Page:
By: Magnus Gravem
April 12th 2010 Qatalum aluminum plant opened in Qatar. This is the world’s biggest aluminum plant and a 50/50 joint venture between the Qatari company Qatar Petroleum and the Norwegian company Hydro. 5.7 billion USD has been invested in this project, and over 56.000 laborers from 86 different countries have been directly involved in the construction of this plant.
The grand opening of this plant was a major happening, and the guest list included royals, ministers and other VIP guests from Norway, Qatar and around the world including Qatar’s Amir Hamad bin Khalifa al-Thani and Norwegian Crown Prince Haakon. Both the official Qatar and the official Norway were present to celebrate this event.
There are certainly many possible benefits for both Qataris and Norwegians with the creation of this joint venture. However, it also should raise some questions of how a Norwegian company should act in a country with a poor history in the field of labor rights.
The situation of the expatriates working in Qatar is not what is considered appropriate in Norway or most other Western countries. Hydro’s CEO and President, Svein Richard Brandsvæg indicated that Hydro was not fully satisfied with the situation of the labor force that built this plant. Thus the situation of the laborers building Qatalum cannot have been within Hydro’s standards of labor rights. According to Norwegian media, Norwegian minister of industry and trade, Trond Giske, had discussions with Qatari political leaders with the aim of improving the situation of the expatriates in the country.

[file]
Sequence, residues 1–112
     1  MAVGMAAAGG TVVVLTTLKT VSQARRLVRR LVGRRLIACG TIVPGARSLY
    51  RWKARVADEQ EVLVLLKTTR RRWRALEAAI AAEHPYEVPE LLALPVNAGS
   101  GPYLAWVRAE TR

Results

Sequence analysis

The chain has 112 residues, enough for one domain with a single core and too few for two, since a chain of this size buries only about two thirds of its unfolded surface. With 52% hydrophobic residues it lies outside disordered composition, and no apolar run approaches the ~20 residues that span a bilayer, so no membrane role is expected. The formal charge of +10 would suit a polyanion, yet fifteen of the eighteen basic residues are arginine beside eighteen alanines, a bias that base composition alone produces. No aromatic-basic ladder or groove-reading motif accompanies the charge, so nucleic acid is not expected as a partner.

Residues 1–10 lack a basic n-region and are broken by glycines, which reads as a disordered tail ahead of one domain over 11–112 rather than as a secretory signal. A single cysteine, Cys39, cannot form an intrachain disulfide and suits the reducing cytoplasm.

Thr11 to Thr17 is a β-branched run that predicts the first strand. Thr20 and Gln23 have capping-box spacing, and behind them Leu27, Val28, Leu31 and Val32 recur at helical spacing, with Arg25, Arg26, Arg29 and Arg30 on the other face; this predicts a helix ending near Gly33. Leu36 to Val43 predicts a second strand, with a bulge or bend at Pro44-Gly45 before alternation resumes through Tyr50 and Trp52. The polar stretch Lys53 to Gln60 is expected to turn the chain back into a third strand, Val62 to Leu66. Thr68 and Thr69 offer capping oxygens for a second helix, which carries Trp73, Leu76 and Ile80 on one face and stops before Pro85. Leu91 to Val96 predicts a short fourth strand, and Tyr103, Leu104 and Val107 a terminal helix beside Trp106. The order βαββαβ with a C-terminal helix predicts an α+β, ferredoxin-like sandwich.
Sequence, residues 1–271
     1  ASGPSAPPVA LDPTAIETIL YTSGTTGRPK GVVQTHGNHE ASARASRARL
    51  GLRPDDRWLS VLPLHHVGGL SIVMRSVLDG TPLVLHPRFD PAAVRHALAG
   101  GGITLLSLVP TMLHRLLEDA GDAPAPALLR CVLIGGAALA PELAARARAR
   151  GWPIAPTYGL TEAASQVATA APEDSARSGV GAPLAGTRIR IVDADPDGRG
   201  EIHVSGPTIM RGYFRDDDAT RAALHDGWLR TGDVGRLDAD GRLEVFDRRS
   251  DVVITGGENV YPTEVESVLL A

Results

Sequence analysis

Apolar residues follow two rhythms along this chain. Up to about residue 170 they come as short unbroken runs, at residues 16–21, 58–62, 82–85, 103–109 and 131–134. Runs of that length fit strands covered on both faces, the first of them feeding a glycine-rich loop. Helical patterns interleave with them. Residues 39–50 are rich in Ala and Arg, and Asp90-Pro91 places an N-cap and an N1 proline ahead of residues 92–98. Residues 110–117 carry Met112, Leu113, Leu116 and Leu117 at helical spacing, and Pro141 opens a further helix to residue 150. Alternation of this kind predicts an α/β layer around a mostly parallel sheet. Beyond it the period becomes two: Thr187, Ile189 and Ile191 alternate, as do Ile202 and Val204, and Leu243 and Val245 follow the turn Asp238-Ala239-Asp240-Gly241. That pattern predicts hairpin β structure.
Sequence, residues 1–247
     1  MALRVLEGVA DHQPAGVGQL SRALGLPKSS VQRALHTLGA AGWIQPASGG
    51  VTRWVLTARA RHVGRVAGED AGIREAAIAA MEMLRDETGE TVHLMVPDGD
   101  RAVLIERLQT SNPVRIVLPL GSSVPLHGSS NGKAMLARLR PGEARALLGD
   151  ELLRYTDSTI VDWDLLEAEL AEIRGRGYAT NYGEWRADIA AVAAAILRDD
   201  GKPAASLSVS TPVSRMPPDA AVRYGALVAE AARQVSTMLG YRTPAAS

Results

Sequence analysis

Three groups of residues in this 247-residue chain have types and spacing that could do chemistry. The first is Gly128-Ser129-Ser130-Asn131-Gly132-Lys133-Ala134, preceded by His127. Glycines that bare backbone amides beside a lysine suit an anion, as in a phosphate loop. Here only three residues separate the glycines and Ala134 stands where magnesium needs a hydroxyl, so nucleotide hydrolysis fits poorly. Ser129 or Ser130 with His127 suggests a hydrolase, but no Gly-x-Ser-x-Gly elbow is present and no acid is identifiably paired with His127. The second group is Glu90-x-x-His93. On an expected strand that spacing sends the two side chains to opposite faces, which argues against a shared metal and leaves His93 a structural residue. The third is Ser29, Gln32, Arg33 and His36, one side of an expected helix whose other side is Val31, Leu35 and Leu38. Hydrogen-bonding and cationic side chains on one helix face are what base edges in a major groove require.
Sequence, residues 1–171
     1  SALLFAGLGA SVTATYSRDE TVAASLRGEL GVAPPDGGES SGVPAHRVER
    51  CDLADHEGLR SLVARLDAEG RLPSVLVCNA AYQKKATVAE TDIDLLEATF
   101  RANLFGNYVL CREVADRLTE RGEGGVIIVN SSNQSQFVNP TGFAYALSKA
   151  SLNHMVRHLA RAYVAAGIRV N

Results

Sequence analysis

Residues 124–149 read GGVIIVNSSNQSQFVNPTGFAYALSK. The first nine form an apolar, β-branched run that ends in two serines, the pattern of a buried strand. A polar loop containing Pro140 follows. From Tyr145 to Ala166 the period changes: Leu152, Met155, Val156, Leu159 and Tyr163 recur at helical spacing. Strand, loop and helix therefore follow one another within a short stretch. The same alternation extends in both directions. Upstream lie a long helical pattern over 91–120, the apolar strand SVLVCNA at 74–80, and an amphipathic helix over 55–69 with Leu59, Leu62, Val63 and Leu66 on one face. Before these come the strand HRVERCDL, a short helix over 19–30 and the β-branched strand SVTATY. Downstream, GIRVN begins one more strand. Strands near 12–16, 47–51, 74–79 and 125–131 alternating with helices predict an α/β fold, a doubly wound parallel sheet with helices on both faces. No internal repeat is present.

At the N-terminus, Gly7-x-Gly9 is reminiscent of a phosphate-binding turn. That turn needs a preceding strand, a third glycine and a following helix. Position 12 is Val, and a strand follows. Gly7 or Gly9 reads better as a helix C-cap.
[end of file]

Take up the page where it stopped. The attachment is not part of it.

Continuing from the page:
Hence, the situation of expatriates in Qatar, including the expatriates at Qatalum, is not considered acceptable by Norwegian standards. Despite this, the Norwegian company chooses to do business in this country with what seems to be fully supported by Norwegian authorities. Since labor rights is one of the cornerstones of the ethical considerations of the Norwegian government for Norwegian companies, this would indicate that instead of supporting this collaboration, Norwegian authorities could, or should, have been a lot more critical. It has also been surprisingly quiet from the press in this matter, even though the coverage of the opening was extensive.
On the other side, however, it could also be discussed how the best way to actually change the situation of the labor force in Qatar really is. It could certainly be argued that doing business in a country with a labor force without any political powers or rights could be unethical. However, the approach it would seem that Norwegian authorities, and Hydro, have taken in this particular case is a more diplomatic approach: Change through dialogue and collaboration. It could easily be argued that this is a more efficient way to change this situation, and to create a better situation for the expatriates in Qatar. Hydro has an extensive description of how they try to ensure acceptable working conditions in Qatalum on their homepage. These efforts include competitive salary, free housing, health and social services for the employees and their families.
Since this project is high profile and a major investment for Hydro, it will be extremely interesting to see how the Norwegian company will work for continuously improving the situation of the expatriates working for them in the future. It will also be interesting to see if Norwegian authorities will increase the pressure on Qatari authorities to ensure the very same thing.
 in Report to the Storting No. 10 2008-2009